Full Day: Great Barford to St Neots

This is a full-day paddle but importantly at a leisurely pace, on a slow and meandering part of the river from Great Barford to the Riverside Town of St Neots.

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This trip has 3 portages, places you will need to carry your boat around a weir and lock, and has several places of interest on the route including the St Ivel tributary, The Rivermill Tavern Pub at Eaton Socon, and the Ambiance Café at the end.

If you are interested in our multiday paddling trips or planning to stay in St Neots then you may be interested to note that there are a Camping and Caravan Club campsite adjacent to the banks of the river on your route. This section of the river is quiet and slow-moving with lots of wildlife. It is listed as a great wild swimming spot with clear deep water with fluttering reed beds.

Although only 8.5 miles it offers the opportunity for families and groups to paddle leisurely and perhaps plan a picnic or lunch stop on the route.

The Route

You begin your paddle in Great Barford at the beautiful 15th century stone bridge, which is a Grade I Listed structure. Once you have been kitted out with your paddling equipment for the day, your first portage is a mere few metres away at the other side of the river at the mooring (diagonally) opposite to your starting point. There will be large green buoys across the river marking the top of the weir. The markers stop you and river debris from paddling over the weir. Weirs can be dangerous, particularly in flood, hence why we walk around. You carry your boat around the Lock and adjacent weir, you are off again and into quintessential English countryside with fluttering reed beds and clear meandering water. This section of the river is again listed as a perfect spot within the growing wild swimming community. It is often a favourite spot for herons and also kingfishers.

After about 500m from the start a tiny waterway will join the Ouse on the left. Further downstream you will pass the first of 2 entry points for the River Ivel, a tributary of the River Great Ouse. 400 m downstream and you will reach Roxton Lock, marked by green buoys across the river. The markers stop you and river debris from paddling over the weir. Weirs can be dangerous, particularly in flood, hence why we walk around. Your portage on the right hand side here will require you to lift the boat over a Kissing Gate (great if you are on a romantic paddle!). Below the weir there is a dock on the river bank.

Once back on the river (100 m) you will see the second merger of the River Ivel on your right which used to be a significant trade route. Just around the corner you will find a small mooring with a large orange lifeboat tied up which has been converted into a houseboat. You are now reaching the main Great North Road, A1 road bridges, shortly followed by Kelpie Marina on your left, situated next the village of Roxton. Rockham Ditch joins the river on your left, 400 m after the last road bridge. On your left you will be passing meadows, usually containing grazing livestock. More small tributaries join the river on the right and then the left (South Brook 600m later). The meadows continue on both sides of the river, which is tree-lined with reed beds, housing much of the fantastic wildlife that this stretch has to offer (Kingfishers, Moor Hens, Coots, Swans, Ducks and Grass Snakes). You will be passing various lakes on your left (not joined to the river) before reaching Wyboston Lakes (1.5km after South Brook), which has a large access point to the river on the left. 400m later on your left, a small tributary meets the river, linking the largest of the Wyboston lakes to the River Great Ouse.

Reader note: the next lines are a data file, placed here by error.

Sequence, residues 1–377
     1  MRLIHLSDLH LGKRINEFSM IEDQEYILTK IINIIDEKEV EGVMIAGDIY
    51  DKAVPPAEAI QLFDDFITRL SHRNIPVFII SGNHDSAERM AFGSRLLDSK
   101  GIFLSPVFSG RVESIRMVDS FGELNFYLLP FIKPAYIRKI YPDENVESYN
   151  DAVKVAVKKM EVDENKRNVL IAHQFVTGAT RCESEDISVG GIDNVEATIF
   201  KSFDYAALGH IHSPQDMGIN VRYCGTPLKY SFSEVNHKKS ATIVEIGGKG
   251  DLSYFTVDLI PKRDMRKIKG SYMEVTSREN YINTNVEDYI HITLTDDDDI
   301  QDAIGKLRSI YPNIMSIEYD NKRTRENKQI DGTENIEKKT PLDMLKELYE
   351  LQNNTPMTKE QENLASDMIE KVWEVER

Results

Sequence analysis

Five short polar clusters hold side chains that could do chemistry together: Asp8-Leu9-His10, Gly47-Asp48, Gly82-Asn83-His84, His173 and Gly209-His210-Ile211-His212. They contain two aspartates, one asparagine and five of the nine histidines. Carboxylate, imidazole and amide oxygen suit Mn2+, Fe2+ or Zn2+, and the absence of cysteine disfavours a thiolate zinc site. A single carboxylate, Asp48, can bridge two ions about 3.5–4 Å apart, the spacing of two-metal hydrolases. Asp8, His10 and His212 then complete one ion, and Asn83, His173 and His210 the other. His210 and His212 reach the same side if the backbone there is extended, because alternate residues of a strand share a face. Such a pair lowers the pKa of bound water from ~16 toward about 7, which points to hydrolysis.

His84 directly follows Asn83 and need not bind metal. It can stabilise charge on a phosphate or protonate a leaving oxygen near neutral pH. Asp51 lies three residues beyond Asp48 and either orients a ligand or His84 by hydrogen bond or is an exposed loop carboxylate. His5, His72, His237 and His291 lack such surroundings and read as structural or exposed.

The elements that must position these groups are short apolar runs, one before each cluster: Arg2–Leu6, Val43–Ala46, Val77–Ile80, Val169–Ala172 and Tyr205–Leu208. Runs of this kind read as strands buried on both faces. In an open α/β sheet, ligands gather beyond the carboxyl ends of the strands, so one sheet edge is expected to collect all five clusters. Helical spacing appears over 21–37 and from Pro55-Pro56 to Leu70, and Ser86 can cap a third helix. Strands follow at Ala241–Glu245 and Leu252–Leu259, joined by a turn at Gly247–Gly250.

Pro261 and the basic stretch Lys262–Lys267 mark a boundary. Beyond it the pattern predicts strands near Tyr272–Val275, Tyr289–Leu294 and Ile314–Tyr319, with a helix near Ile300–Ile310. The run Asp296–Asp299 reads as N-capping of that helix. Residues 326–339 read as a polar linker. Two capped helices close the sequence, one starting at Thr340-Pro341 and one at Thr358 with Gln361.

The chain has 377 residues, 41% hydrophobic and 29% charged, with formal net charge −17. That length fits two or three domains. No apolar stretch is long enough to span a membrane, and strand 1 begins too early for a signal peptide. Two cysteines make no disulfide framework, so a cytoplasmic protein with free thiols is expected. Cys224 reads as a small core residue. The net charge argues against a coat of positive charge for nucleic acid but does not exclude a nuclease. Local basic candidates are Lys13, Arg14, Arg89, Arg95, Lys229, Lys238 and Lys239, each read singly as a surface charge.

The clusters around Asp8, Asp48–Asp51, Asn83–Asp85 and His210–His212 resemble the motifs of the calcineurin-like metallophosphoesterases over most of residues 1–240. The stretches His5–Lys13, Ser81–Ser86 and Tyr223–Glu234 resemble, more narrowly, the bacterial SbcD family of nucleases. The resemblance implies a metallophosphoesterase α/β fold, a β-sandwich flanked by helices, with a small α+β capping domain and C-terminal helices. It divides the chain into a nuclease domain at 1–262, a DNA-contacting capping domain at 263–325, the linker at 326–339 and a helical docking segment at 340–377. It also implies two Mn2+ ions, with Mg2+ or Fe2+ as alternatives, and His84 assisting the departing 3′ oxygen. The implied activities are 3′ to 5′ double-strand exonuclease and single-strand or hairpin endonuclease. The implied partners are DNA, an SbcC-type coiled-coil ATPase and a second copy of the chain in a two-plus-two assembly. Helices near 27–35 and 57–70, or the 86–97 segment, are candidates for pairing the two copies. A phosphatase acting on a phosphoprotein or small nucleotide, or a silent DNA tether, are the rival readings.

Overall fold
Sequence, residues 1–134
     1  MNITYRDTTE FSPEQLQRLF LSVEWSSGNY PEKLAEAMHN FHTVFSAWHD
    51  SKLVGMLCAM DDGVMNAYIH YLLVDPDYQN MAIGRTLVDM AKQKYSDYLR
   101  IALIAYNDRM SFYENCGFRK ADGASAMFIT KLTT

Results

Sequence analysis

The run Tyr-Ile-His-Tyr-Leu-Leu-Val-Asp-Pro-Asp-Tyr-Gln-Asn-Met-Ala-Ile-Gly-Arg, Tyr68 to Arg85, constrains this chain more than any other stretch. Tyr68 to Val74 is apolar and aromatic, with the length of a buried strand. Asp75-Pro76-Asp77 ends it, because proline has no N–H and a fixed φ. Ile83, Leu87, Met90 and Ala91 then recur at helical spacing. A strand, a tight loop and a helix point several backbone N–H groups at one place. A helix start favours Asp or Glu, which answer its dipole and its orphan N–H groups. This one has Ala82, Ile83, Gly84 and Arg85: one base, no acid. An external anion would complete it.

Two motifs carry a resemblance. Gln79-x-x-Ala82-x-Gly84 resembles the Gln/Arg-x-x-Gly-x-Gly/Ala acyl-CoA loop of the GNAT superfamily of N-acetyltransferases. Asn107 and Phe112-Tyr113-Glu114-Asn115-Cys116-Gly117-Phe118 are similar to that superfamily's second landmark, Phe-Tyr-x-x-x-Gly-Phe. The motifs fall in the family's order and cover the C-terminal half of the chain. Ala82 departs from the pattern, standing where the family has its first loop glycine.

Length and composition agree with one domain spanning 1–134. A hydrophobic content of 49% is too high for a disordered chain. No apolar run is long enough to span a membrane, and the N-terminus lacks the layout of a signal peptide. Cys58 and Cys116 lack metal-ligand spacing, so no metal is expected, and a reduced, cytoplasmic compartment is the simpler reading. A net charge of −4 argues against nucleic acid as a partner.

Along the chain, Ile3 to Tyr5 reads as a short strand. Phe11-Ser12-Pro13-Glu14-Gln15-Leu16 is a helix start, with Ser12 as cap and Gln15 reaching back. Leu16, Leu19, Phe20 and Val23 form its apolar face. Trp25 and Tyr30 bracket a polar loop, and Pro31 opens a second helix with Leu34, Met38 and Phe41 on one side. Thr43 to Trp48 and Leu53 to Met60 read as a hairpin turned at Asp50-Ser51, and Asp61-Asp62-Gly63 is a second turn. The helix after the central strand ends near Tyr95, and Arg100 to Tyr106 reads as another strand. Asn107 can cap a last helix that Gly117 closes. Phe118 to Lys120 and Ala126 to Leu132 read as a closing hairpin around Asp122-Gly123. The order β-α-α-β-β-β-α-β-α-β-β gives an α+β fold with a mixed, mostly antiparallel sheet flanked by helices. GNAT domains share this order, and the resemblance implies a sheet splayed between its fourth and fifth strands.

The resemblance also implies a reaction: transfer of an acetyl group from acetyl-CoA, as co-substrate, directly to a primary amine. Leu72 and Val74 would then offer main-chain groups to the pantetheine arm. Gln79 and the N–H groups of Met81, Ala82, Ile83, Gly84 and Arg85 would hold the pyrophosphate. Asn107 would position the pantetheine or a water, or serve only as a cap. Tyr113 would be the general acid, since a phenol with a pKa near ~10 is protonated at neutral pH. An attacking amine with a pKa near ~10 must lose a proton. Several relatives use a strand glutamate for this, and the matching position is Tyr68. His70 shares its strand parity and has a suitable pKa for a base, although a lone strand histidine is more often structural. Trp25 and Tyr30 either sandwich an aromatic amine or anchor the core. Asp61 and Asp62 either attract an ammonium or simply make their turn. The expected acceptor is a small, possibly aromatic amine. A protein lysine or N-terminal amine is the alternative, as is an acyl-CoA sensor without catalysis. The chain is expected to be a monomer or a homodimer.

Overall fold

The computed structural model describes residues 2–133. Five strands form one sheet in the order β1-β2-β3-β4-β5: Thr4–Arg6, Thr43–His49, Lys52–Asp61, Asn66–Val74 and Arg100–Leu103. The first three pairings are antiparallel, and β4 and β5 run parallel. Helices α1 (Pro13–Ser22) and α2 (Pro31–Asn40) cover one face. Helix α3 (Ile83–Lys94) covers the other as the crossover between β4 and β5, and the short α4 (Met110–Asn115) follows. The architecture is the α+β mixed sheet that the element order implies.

Various small waterways join the river on this next stretch and you will pass the Wyboston Golf Course on your left so keep your head down (Not really!) You will pass under a road bridge for the main Cambridge road to A1 link road. Continue to paddle for 2.5km and you will come to the Eaton Socon Lock and Weir, with the Rivermill Marina and the Rivermill Tavern Pub, another popular watering hole. As you approach the weir, there will be the green buoys across the river to prevent you from going down it, to the left you will see the Lock, and to the left of this there is a portage area.

This portage is particularly high, so take care when exiting the boat and use the painter (rope on the boat) to help you lift it from the water and then carry to the ‘put on’ area (walk the length of the Lock to the lower Landing Station with steps). 300m after getting back on the river, you will pass under Willow Bridge and then shortly after approach the St Neots Caravan and Camping site on the right (550 m). If you are staying here for the night, exit here onto the grassy bank. 100m later there is a backwater on the left (part of the Ouse) which marks the beginning of the Riverside Country Park in St Neots, there will be many boats moored up along this stretch until the end of your journey. In 300m you pass under a bridge and various backwaters will re-join the river on both sides, in 500m you approach another road bridge, with a large Dragonfly painted on its left hand side, this marks the end of your journey and is the meeting point. If you reach the pub on the right after the bridge, you have gone slightly too far.

St Neots is a beautiful riverside market town with lots of motorboats and rowers enjoying the river. If you arrive early you can explore this stretch but please be sure to be off the water in time for your lift. There is a carpark adjacent the dragonfly adorned bridge and a family run café called Ambiance Café where you can reward your paddling efforts with a little food.

Trip Info

Great Barford (MK44 3LF) to St Neots (PE19 7HD): Slow Full Day

8.5 miles, approx. 5.5 hrs in canoes and SUP’s (slightly less in kayaks) and 3 portages